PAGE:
Singles Day may not be that well-known outside of China, but it's a celebration that has turned into a multibillion-dollar annual shopping day thanks to Alibaba . And the architect behind it, current CEO Daniel Zhang, started it to promote a new e-commerce platform.
Nov.11 is known as Singles Day in China and is widely believed to have begun in the 1990s in universities by men celebrating being single. In 2009, Alibaba launched the first shopping event on that day, offering heavy discounts on its Tmall shopping platform.
Tmall is one of Alibaba's key e-commerce platforms. It was first launched in 2008 under the name Taobao Mall and, in 2009, Zhang decided to hold the Nov. 11 shopping day to boost the brand.
Alibaba saw gross merchandising value — the value of goods sold via its platforms — hit $7.8 million in the 2009 edition of Singles Day. Last year, however, that figure stood at over $25 billion , making it one of the biggest shopping events in the world. Zhang said that's something he never anticipated.
"I never expected that we can actually transform this day into a commercial day ... for the whole society," Zhang told CNBC in an interview that aired Friday.
"I think today it's more like a phenomenon," he added.
Zhang pledged in a recent speech that Singles Day 2018 will be the largest-ever in terms of "scale and reach." In the interview with CNBC, however, he didn't give any targets for gross merchandising value.
The Alibaba CEO said that the biggest change in Singles Day is how the brands have viewed the platform.
"The biggest change is how ... business people look at the power of the internet. And day one people just think this is a new channel to sell more products, but today most of the businesses ... they view digital technology, internet, as an infrastructure to transform their existing business and ... go to a new market to serve the new customers," Zhang said.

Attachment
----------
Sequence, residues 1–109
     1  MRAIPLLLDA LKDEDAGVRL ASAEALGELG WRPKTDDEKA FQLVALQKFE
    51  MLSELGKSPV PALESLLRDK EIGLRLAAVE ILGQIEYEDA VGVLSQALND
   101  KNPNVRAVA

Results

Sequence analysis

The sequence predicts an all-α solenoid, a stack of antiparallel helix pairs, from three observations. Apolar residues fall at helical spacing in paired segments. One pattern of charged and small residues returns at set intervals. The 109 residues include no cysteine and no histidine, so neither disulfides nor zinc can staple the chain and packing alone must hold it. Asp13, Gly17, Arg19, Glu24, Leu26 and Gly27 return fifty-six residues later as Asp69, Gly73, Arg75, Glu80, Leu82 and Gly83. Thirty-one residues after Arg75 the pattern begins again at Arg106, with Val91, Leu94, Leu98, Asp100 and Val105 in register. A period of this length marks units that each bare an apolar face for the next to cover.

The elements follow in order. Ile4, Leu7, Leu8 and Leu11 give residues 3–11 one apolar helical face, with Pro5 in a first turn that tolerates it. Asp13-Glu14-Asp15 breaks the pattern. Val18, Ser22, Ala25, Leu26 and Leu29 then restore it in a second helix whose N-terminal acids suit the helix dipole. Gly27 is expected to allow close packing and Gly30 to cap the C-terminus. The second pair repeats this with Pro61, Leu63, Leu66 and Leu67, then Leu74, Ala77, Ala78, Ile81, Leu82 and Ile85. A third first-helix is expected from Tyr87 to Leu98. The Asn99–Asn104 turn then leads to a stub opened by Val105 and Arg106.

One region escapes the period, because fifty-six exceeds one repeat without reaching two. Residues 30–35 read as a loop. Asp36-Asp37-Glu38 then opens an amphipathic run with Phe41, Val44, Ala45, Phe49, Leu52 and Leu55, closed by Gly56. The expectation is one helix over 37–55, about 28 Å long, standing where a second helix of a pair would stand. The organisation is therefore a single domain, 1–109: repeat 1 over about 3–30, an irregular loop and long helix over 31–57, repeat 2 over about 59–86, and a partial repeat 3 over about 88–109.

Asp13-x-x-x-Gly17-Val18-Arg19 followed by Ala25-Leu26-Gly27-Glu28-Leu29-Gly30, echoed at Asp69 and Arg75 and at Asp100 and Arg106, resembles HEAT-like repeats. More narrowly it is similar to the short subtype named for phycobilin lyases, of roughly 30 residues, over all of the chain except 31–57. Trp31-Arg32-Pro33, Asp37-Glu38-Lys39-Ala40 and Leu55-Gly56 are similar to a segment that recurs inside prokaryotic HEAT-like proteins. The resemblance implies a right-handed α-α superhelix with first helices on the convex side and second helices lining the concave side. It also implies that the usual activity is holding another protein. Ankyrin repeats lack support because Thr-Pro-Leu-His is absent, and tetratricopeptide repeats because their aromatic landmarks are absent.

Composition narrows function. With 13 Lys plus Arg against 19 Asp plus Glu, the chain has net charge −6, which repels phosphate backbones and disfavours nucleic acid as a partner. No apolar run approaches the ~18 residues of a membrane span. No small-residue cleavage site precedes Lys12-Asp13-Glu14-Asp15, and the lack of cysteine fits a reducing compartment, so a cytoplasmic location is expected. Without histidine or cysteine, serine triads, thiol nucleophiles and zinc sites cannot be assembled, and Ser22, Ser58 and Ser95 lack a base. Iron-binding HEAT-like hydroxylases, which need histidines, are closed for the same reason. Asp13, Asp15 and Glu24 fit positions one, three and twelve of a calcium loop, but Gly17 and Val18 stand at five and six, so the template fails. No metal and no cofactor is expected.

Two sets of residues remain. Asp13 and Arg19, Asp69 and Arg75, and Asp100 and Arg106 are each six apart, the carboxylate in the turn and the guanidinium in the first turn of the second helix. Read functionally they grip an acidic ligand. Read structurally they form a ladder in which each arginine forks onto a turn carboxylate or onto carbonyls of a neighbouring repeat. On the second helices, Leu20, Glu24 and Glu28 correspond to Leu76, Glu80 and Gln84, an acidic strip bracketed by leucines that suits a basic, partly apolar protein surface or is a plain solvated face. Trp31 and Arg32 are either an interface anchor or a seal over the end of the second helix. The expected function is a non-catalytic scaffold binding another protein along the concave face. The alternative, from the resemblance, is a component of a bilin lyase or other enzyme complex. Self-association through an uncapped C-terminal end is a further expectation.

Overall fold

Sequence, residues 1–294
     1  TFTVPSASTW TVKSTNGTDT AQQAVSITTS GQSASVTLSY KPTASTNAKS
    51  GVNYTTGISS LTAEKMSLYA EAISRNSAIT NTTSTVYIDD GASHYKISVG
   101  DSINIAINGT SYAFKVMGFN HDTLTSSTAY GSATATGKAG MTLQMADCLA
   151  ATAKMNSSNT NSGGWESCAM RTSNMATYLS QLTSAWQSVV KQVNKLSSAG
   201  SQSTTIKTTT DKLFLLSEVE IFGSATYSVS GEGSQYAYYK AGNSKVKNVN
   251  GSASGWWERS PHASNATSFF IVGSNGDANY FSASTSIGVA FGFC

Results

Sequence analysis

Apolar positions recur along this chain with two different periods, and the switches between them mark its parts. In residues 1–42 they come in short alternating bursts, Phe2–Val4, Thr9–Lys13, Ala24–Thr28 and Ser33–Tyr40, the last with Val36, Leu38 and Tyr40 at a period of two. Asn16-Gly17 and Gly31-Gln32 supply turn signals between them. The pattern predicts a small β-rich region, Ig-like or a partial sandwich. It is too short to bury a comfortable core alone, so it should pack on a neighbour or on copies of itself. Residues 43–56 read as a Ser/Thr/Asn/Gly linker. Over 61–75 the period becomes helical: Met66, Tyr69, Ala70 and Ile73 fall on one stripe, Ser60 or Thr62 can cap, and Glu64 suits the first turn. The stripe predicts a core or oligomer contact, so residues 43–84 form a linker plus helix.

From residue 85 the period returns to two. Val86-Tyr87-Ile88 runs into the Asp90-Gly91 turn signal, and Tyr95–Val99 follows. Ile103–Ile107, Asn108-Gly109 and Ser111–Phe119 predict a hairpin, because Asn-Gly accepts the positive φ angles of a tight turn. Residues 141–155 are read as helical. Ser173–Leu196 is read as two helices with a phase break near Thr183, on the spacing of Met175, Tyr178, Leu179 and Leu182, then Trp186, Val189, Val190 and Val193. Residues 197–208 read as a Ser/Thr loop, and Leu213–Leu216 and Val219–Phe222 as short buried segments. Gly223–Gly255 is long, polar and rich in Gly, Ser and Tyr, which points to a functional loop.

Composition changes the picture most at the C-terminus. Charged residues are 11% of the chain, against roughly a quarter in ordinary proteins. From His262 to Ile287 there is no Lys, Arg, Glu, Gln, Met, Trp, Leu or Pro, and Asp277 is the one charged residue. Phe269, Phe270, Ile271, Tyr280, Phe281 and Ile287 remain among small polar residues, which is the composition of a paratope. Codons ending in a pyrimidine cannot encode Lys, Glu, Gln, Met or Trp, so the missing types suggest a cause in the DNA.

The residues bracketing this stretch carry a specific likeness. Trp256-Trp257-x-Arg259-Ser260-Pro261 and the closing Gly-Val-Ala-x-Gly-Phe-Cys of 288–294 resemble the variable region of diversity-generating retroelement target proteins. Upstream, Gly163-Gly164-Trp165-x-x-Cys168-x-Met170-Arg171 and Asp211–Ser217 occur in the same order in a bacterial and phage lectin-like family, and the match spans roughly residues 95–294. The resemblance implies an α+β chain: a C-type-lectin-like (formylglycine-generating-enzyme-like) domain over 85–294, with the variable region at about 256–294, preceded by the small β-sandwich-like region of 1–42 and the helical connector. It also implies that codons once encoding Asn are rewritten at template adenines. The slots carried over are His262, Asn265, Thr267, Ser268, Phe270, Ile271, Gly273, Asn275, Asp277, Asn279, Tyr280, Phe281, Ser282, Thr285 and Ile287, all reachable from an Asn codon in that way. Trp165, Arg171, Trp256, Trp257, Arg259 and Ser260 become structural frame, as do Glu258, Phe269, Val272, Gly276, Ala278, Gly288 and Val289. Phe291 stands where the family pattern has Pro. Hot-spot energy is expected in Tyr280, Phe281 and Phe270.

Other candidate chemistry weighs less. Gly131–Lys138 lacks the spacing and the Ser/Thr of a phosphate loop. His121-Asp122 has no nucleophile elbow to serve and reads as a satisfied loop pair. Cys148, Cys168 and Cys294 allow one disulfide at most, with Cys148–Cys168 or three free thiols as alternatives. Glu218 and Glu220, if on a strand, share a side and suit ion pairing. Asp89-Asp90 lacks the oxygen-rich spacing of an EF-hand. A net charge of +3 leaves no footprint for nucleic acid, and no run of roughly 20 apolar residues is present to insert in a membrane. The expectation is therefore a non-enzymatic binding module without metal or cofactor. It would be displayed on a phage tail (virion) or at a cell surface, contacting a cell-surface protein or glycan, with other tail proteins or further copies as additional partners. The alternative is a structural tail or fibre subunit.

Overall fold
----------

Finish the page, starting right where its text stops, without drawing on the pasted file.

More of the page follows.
This year's Singles Day comes amid falling stock markets in China and a difficult trade environment with the U.S., which could hurt the Chinese consumer. In its latest earnings report covering the three months ending Sept. 30, Alibaba cut its revenue forecast for its fiscal year, citing macroeconomic conditions. CNBC's interview with Zhang occurred before the earnings report was released and was not related to the figures.
However, the Alibaba chief talked about the state of the consumer in China.
"We do see the up and down of the consumption by categories. But overall speaking, I think Chinese people, especially young people, they are growing up in the new era. And they like to spend. And they want a better lifestyle. We want to continue to serve them in that way," Zhang told CNBC.